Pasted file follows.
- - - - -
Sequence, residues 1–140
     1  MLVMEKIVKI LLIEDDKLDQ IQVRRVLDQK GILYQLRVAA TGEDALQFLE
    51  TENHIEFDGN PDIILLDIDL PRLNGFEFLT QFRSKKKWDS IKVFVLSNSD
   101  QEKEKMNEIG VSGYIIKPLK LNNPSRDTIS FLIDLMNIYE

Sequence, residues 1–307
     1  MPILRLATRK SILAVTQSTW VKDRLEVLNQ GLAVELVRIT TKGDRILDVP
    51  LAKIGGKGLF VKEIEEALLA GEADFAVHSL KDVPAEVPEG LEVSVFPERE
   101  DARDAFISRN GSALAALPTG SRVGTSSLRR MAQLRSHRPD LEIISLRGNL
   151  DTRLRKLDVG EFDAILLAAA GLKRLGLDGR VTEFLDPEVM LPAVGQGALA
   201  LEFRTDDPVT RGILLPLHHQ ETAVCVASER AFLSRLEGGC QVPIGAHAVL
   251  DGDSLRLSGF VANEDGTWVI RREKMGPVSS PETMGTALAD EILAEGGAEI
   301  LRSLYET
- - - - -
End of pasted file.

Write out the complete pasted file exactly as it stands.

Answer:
Sequence, residues 1–140
     1  MLVMEKIVKI LLIEDDKLDQ IQVRRVLDQK GILYQLRVAA TGEDALQFLE
    51  TENHIEFDGN PDIILLDIDL PRLNGFEFLT QFRSKKKWDS IKVFVLSNSD
   101  QEKEKMNEIG VSGYIIKPLK LNNPSRDTIS FLIDLMNIYE

Sequence, residues 1–307
     1  MPILRLATRK SILAVTQSTW VKDRLEVLNQ GLAVELVRIT TKGDRILDVP
    51  LAKIGGKGLF VKEIEEALLA GEADFAVHSL KDVPAEVPEG LEVSVFPERE
   101  DARDAFISRN GSALAALPTG SRVGTSSLRR MAQLRSHRPD LEIISLRGNL
   151  DTRLRKLDVG EFDAILLAAA GLKRLGLDGR VTEFLDPEVM LPAVGQGALA
   201  LEFRTDDPVT RGILLPLHHQ ETAVCVASER AFLSRLEGGC QVPIGAHAVL
   251  DGDSLRLSGF VANEDGTWVI RREKMGPVSS PETMGTALAD EILAEGGAEI
   301  LRSLYET